Monday, 30th October 2017

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NRC anxiety hits cancer patients

The fear of losing nationality in the run-up to the publication of the final draft of the National Register of Citizens (NRC) is affecting cancer patients who avail of follow-up treatment at the Dr B. Borooah Cancer Institute (BCCI) here.

By Gaurav Das in Guwahati
  • Published 26.07.18
  •  

Guwahati: The fear of losing nationality in the run-up to the publication of the final draft of the National Register of Citizens (NRC) is affecting cancer patients who avail of follow-up treatment at the Dr B. Borooah Cancer Institute (BCCI) here.

Officials at the BBCI, the region's premier cancer institute, said they had observed a 20 per cent drop in flow of patients seeking long-term follow-up treatment for cancer, specifically from minority-dominated districts such as Dhubri, Morigaon, Barpeta and Goalpara, among others.

One official said when such patients are asked why they did not turn up on the dates scheduled for follow-up treatment, their common answer is they could not make it due to NRC-related work.

The NRC is being updated in Assam to solve the state's foreigners problem. Its second and final draft is scheduled to be published on Monday. The first was published on December 31, 2017.

BBCI superintendent Bibhuti Phukan Borthakur said, "The patients have to come on scheduled dates for follow-up treatment but we have been observing that some of them missed it. When we asked them about this, they said they were occupied with NRC-related work. We estimate a drop of about 20 per cent in the flow of patients seeking follow-up treatment and NRC is the probable reason."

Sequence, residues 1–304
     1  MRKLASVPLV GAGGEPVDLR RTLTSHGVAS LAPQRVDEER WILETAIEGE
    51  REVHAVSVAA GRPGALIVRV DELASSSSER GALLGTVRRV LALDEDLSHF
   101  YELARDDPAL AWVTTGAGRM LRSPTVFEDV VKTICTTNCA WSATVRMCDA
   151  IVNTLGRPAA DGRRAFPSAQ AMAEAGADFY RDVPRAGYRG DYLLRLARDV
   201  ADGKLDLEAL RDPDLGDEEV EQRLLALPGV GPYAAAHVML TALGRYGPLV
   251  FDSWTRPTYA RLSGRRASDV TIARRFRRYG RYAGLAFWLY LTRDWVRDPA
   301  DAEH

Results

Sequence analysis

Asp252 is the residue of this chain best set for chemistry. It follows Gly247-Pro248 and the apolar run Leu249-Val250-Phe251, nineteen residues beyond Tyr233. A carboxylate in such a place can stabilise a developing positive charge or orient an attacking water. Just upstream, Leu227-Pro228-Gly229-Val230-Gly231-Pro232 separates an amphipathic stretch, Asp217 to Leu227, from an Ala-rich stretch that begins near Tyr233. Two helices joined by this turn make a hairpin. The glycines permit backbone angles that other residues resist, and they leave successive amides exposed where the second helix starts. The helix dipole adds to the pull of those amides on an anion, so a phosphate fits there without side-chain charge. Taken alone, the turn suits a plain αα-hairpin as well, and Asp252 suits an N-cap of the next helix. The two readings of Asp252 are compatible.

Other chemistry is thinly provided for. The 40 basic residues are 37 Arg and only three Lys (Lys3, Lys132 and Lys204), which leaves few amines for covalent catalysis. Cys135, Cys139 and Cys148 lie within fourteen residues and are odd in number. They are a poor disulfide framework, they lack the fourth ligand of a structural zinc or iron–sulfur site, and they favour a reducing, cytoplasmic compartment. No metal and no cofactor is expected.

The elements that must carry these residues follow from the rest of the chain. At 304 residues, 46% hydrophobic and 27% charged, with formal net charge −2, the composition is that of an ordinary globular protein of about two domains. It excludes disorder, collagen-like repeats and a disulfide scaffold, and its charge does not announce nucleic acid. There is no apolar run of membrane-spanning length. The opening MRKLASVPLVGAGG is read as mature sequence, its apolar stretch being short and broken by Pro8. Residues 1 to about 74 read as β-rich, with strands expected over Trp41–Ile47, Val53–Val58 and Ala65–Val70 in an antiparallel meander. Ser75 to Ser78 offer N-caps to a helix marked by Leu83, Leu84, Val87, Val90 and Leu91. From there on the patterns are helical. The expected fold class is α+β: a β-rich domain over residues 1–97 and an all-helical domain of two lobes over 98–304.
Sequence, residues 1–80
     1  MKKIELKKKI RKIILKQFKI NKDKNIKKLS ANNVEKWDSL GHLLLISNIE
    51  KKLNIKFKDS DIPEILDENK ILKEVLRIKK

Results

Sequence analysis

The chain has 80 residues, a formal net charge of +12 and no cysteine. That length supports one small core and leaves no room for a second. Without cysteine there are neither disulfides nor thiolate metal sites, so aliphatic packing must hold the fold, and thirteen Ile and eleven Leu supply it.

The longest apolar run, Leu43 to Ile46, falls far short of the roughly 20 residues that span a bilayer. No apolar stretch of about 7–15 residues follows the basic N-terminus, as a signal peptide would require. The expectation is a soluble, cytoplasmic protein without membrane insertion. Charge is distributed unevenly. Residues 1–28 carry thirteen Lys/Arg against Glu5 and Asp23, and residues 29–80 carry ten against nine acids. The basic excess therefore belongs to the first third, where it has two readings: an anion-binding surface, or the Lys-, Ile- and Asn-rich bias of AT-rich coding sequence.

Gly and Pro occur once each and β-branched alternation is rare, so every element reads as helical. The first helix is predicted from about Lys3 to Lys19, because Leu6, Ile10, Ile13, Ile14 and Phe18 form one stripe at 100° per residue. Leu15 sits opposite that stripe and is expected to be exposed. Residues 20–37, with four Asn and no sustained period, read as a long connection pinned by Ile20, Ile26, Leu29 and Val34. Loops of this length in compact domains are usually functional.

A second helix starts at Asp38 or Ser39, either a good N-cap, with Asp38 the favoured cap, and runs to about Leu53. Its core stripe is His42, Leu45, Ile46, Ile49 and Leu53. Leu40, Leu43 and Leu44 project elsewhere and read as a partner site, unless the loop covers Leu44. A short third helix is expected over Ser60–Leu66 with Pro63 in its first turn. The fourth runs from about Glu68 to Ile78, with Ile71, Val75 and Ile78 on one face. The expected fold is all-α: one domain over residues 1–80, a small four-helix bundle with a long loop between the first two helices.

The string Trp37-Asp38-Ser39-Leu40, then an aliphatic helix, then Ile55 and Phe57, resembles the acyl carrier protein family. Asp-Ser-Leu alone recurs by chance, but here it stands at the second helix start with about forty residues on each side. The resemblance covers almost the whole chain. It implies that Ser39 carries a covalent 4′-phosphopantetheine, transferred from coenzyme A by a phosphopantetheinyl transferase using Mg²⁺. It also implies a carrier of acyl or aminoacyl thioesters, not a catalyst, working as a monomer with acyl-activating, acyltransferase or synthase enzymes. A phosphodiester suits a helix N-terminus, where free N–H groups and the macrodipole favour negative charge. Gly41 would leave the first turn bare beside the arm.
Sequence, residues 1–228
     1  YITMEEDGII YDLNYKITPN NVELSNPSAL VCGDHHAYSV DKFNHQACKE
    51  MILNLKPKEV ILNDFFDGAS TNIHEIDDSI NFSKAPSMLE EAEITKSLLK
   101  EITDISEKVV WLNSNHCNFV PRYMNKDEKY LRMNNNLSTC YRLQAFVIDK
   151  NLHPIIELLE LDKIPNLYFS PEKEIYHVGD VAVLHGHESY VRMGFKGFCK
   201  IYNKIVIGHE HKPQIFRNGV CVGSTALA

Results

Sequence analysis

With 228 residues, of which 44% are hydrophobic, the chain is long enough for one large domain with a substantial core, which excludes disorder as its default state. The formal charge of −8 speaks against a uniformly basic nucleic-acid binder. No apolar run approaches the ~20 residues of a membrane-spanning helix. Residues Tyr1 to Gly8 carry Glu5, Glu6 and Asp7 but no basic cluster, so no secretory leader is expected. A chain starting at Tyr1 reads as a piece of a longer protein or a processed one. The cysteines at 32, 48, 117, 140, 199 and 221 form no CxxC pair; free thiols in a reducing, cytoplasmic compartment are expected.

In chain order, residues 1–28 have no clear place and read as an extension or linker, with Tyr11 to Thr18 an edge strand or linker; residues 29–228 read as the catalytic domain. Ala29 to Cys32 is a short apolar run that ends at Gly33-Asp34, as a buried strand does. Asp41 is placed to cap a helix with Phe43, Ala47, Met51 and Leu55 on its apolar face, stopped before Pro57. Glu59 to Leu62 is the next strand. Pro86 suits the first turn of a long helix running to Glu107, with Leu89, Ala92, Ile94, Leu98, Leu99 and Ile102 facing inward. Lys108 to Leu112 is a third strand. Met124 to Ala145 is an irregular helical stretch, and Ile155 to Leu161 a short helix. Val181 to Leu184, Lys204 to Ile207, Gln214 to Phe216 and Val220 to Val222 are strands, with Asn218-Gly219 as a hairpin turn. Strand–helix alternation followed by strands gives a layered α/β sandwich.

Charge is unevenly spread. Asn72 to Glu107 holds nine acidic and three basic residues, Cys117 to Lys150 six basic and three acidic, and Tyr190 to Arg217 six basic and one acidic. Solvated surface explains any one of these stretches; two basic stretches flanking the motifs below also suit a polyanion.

BBCI, a central institute under the department of atomic energy, gets around 11,000 new patients annually along with 80,000 old patients seeking follow-up check-up, which includes their health status, signs of relapse and if they need treatment again.

"Getting enlisted in the updated NRC is like a life and death situation for some patients. So they are leaving no stone unturned to the get their names and that of their family members in the NRC. It seems they prefer missing their check-up dates to missing NRC-related work," said Amal Chandra Kataki, director of BBCI.

In 2011, there were 23,629 new cancer cases in Assam and, as per estimates, there could be 80,919 old and new cancer cases in the state by 2026, according to data collected from cancer registries and government reports on projected population of 2026.